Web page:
Wednesday, October 5, 2022
Home New Release Osborne Village pilot project using de-escalation tactics to help struggling, marginalized people

Osborne Village pilot project using de-escalation tactics to help struggling, marginalized people

A new pilot project from the Osborne Village BIZ will be hitting neighbourhood streets beginning Wednesday evening to help people in marginalized situations.

The SABE Peace Walkers, described as a relationship-based de-escalation team, will be operating five days a week beginning Wednesday, over a 17-week period.

One of the founders of the group, Rylee Nepinak, told 680 CJOB everyone deserves empathy, and that non-violent crisis intervention can be a successful, non-judgmental tool to help people who are struggling.

“When they’re going through their experiences or their traumatic episodes, or when they’re dealing with mental health, people automatically throw stereotypes at them and just throw negative lenses at them,” he said, “whereas we have built a relationship.

“So it becomes a little bit easier to see them through a harm-reduction lens.”

Story continues below advertisement

Read more:

Winnipeg Street Census returns after break due to COVID-19

The project, funded by $77,000 from Manitoba Liquor & Lotteries’ Social Responsibility Program, aims to improve outcomes for those facing challenges through mental health, addictions or homelessness — and sometimes all three.

“Many people are struggling with mental health and addictions and are unhoused as a result. This challenge is not only in Osborne Village, but across our city,” said Lindsay Somers of the Osborne Village BIZ.

“We are grateful for the opportunity to work with Manitoba Liquor & Lotteries to develop an Indigenous-led approach toward supporting and healing in a culturally appropriate and community-centred way.”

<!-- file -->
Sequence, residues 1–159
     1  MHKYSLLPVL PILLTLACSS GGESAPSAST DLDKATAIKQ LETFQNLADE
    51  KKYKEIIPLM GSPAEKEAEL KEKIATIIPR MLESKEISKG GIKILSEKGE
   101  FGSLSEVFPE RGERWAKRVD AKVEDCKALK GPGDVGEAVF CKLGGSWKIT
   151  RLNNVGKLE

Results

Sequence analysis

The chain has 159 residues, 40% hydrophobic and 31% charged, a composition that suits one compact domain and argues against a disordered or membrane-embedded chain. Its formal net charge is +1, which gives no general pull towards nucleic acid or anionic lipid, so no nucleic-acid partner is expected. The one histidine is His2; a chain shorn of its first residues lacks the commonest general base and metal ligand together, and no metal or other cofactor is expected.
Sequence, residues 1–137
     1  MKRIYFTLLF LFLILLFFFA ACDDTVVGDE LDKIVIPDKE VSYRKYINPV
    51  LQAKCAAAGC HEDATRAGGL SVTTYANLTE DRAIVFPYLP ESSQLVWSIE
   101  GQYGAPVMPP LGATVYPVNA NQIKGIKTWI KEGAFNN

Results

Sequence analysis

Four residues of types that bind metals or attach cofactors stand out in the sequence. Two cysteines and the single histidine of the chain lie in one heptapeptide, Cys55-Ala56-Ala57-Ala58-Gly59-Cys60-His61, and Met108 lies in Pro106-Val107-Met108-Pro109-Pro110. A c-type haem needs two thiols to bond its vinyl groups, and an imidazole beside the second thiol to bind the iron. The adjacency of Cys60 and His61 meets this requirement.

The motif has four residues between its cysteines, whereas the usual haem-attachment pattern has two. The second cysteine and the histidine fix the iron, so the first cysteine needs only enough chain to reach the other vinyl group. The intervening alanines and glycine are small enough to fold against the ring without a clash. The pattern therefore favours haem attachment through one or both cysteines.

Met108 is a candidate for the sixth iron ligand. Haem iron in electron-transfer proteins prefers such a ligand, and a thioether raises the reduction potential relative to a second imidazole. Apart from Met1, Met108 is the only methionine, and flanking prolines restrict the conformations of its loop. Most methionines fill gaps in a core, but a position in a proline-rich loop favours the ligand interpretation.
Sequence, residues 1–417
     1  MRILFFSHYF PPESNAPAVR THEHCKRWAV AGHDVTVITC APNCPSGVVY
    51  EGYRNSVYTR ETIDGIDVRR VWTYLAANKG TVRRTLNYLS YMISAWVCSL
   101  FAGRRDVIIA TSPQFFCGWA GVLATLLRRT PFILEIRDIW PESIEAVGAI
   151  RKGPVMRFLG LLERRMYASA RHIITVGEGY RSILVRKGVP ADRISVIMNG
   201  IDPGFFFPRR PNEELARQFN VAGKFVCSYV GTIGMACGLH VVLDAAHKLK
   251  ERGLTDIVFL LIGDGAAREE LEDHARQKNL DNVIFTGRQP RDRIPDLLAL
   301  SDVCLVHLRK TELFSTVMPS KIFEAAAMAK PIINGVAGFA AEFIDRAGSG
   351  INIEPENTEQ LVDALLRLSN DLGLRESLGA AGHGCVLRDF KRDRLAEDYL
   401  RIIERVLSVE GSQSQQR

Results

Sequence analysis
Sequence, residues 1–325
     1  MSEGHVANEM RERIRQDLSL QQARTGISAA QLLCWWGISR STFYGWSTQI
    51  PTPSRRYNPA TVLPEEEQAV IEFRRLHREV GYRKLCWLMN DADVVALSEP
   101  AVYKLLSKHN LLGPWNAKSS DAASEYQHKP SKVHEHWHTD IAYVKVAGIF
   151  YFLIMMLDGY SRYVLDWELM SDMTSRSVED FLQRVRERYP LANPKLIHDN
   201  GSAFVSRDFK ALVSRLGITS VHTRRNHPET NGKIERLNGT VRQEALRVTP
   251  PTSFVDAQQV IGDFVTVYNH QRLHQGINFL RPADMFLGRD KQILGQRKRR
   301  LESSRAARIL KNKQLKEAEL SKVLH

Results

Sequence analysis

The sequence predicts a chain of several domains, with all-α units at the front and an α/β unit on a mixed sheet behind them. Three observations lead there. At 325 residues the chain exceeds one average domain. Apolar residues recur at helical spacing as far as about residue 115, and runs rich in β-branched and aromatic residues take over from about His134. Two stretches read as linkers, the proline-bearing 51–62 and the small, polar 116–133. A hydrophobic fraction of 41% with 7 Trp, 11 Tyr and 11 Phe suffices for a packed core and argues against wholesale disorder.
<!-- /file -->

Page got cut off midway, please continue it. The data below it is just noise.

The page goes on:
Nepinak said he’s seen great effectiveness with the de-escalation method.

“We’re able to bring an individual that may be at a 10 on the scale of anger and frustration and we can bring them down to a reasonable two,” he said.

“We’re able to figure out what those triggers were, talk about some of their traumatic experiences, and let them know that somebody cares.”

Starting at 5:15 p.m. Wednesday, the group will meet at the River Avenue and Osborne Street circle for a smudge ceremony before walking the community.

Story continues below advertisement


Click to play video: 'Bear Clan on new funding from province'







Bear Clan on new funding from province


Bear Clan on new funding from province – Aug 3, 2022

© 2022 Global News, a division of Corus Entertainment Inc.

- Advertisment -

Most Popular

71 acres in Englishman River watershed donated to Nature Trust of B.C.

Environmentalists on Vancouver Island are celebrating a sizable land donation aimed at protecting a critical watershed near Nanaimo, B.C. Chilliwack-based construction company the Emil Anderson...

‘There’s endless choice, but you’re not listening’: fans quitting Spotify to save their love of music

‘There’s endless choice, but you’re not listening’: fans quitting Spotify to save their love of musicFormer streaming service subscribers on why they have ditched...

Elon Musk is wrong about patents. Here’s why IP isn’t ‘for the weak’

“Patents are for the weak” retorted Elon Musk to veteran broadcaster Jay Leno while giving him a tour of SpaceX. Leno, during the latest...

Walmart launches ‘metaverse’ experience in Roblox to sell toys to children

Tech/Business / How do you do, fellow RobloxiansWalmart has launched a pair of “immersive experiences” in online gaming platform Roblox. The retailer is presenting...